The nurse enters Juliet’s bedroom to find her sleeping soundly. She chides the girl for being lazy and tries to wake her by announcing that Paris has arrived, but is surprised when Juliet doesn’t even stir. As she notices that Juliet is still dressed in her clothes from the day before, she begins to chide her further—but then sees that Juliet is, apparently, dead. The nurse calls out for help, and Lady Capulet hurries into the bedroom. Seeing that her daughter is dead, she laments the loss of her “only life” and says she herself may as well die, too. Capulet runs in, asking what is taking so long—when the nurse and Lady Capulet tell him that Juliet is dead, he, too laments his daughter’s “untimely” death. The three of them loudly mourn Juliet, screaming and crying out until Friar Laurence and Paris come to the door.
The Capulets’ melodramatic mourning of Juliet is overzealous to the point of farce. Shakespeare contrasts her parents’ overdramatic reactions to her death, suggesting their falsity, against the melodrama that Romeo and Juliet themselves have exhibited throughout the play. While young love and the difficulty in expressing it can justify outsized and even violent responses, the Capulets’ facsimile of these genuinely overwhelming emotions is false and offensive.
As the friar, Paris, and a group of musicians enter Juliet’s chambers asking if Juliet is ready to head to church, Capulet tells them that “death [has] lain” with Juliet, deflowering her on her wedding day. Death, now, is his son-in-law. Paris is shattered, and joins Capulet, Lady Capulet, and the nurse in loudly and dramatically lamenting Juliet’s horrible death. Friar Laurence tries to mitigate their mourning by telling them that Juliet is in a better place. All her parents wanted for her after all, he points out, was her "promotion”—now, she has climbed to the highest heights of all. He urges them to dress her in finery, adorn her with herbs, and bring her to church.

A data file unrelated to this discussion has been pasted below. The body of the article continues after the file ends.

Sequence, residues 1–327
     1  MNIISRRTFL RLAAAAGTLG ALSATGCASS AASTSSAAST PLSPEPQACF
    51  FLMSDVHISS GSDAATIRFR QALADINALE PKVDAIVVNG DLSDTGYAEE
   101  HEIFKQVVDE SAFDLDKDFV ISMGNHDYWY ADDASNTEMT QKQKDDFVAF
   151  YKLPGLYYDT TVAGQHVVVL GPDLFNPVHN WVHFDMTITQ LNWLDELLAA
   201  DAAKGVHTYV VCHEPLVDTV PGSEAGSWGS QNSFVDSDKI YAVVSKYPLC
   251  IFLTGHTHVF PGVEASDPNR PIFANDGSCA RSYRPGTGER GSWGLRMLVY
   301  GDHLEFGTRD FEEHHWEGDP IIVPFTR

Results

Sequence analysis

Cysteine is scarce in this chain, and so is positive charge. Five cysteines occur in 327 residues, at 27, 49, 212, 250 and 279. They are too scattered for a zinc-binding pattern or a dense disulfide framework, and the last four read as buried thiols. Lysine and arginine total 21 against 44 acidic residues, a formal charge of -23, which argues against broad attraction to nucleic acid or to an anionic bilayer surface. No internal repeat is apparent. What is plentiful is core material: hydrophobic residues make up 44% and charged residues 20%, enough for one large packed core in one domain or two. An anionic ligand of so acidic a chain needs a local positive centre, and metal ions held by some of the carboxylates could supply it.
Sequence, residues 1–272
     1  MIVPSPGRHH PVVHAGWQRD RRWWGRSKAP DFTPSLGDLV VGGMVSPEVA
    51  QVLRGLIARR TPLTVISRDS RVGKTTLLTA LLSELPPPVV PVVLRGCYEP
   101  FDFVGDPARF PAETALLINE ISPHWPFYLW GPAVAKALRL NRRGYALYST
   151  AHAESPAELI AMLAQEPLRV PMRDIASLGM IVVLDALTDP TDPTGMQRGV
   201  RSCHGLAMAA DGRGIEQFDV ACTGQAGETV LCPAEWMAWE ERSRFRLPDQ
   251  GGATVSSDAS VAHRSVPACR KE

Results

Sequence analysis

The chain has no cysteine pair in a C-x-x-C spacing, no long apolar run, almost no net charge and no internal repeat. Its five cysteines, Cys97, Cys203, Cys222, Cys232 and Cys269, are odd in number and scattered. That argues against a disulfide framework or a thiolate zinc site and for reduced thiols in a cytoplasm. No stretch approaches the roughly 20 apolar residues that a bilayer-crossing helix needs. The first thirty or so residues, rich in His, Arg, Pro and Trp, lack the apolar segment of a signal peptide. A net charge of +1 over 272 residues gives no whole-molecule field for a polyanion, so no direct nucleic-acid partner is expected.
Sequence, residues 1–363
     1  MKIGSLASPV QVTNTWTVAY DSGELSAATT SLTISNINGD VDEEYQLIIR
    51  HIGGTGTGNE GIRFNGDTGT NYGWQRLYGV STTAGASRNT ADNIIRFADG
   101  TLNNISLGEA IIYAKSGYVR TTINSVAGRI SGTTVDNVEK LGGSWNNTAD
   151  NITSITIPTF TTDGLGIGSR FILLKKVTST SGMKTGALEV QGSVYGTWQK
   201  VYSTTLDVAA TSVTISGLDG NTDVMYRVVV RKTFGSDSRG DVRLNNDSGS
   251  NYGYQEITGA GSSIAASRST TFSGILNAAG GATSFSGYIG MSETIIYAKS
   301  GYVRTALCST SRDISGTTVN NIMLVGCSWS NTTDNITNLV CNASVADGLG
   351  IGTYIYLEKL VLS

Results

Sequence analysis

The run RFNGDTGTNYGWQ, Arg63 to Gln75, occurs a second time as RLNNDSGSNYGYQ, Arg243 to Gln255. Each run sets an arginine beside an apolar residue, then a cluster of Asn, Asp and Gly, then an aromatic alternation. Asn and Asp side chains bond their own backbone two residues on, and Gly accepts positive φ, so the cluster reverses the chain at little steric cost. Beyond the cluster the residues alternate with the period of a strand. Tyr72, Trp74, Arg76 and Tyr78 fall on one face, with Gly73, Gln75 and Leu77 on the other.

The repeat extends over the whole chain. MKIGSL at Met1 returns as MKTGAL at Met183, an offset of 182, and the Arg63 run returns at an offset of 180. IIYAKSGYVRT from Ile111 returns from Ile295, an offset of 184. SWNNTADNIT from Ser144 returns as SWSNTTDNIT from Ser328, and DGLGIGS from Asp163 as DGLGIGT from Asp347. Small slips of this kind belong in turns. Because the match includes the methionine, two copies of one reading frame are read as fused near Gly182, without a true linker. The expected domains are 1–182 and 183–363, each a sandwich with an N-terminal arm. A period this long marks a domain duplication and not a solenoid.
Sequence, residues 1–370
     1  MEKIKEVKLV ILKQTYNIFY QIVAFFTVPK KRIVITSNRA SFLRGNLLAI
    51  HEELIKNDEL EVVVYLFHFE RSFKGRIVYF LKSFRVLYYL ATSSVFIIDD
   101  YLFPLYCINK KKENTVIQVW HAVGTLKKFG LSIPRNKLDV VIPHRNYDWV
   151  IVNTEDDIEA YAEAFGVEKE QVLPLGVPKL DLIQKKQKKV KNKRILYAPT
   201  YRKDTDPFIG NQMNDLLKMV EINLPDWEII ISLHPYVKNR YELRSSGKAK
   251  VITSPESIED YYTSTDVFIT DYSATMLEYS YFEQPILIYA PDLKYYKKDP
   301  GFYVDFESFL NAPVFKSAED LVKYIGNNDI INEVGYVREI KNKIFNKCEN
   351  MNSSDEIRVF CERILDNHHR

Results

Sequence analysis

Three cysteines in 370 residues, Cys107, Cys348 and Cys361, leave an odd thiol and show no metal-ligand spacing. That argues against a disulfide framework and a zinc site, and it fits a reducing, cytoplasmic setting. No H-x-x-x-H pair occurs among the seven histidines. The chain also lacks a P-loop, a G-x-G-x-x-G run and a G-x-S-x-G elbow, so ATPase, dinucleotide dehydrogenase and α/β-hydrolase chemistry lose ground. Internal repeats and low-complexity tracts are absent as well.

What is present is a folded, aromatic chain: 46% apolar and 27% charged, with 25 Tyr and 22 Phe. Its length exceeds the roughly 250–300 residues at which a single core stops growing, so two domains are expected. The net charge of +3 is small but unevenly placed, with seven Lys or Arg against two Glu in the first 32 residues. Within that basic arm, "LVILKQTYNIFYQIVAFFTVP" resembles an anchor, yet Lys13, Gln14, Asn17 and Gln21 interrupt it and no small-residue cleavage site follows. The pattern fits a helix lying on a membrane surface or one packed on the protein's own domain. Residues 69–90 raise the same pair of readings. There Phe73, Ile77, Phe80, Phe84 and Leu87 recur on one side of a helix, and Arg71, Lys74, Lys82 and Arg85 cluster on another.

As Capulet, Lady Capulet, and Paris dramatically mourn Juliet’s “death,” Friar Laurence points out their melodrama and hypocrisy. When Juliet was alive, her parents plotted to use her for their own social advancement. Now that she is dead, he suggests, what they’re really mourning is the death of their ability to use her for their own gains, as they never really knew—or cared about knowing—the person their daughter truly was in life.
Capulet laments that all of the marriage preparations were in vain—the wedding feast will become a funerary one, and Juliet’s bridal flowers will now cover her corpse. Friar Laurence again urges the family to focus now on preparing for the funeral and trusting in the fact that Juliet is in a better place. They all exit, leaving the musicians alone to lament that they’re out of a job. Peter, however, enters the chamber and urges the musicians to play something comforting. They insist now is not the time for music, and comically exchange verbal barbs with Peter as he tries to get them to play a dirge instead. Eventually, Peter gives up his crusade and leaves. The musicians remark upon how annoying he is, then decide to stay and eat their fill at the funeral feast.
As occurs often in the play, this scene shows a moment of great tragedy being punctuated by comic relief offered by the servant characters. While the Capulets farcically—and, the friar suggests, falsely—mourn their daughter’s loss, the action shifts over to the servants—whom Shakespeare often renders as the only sane and relatable characters in the play, presenting them as real people struggling with everyday problems, like where to get their next meal when their planned gig falls through.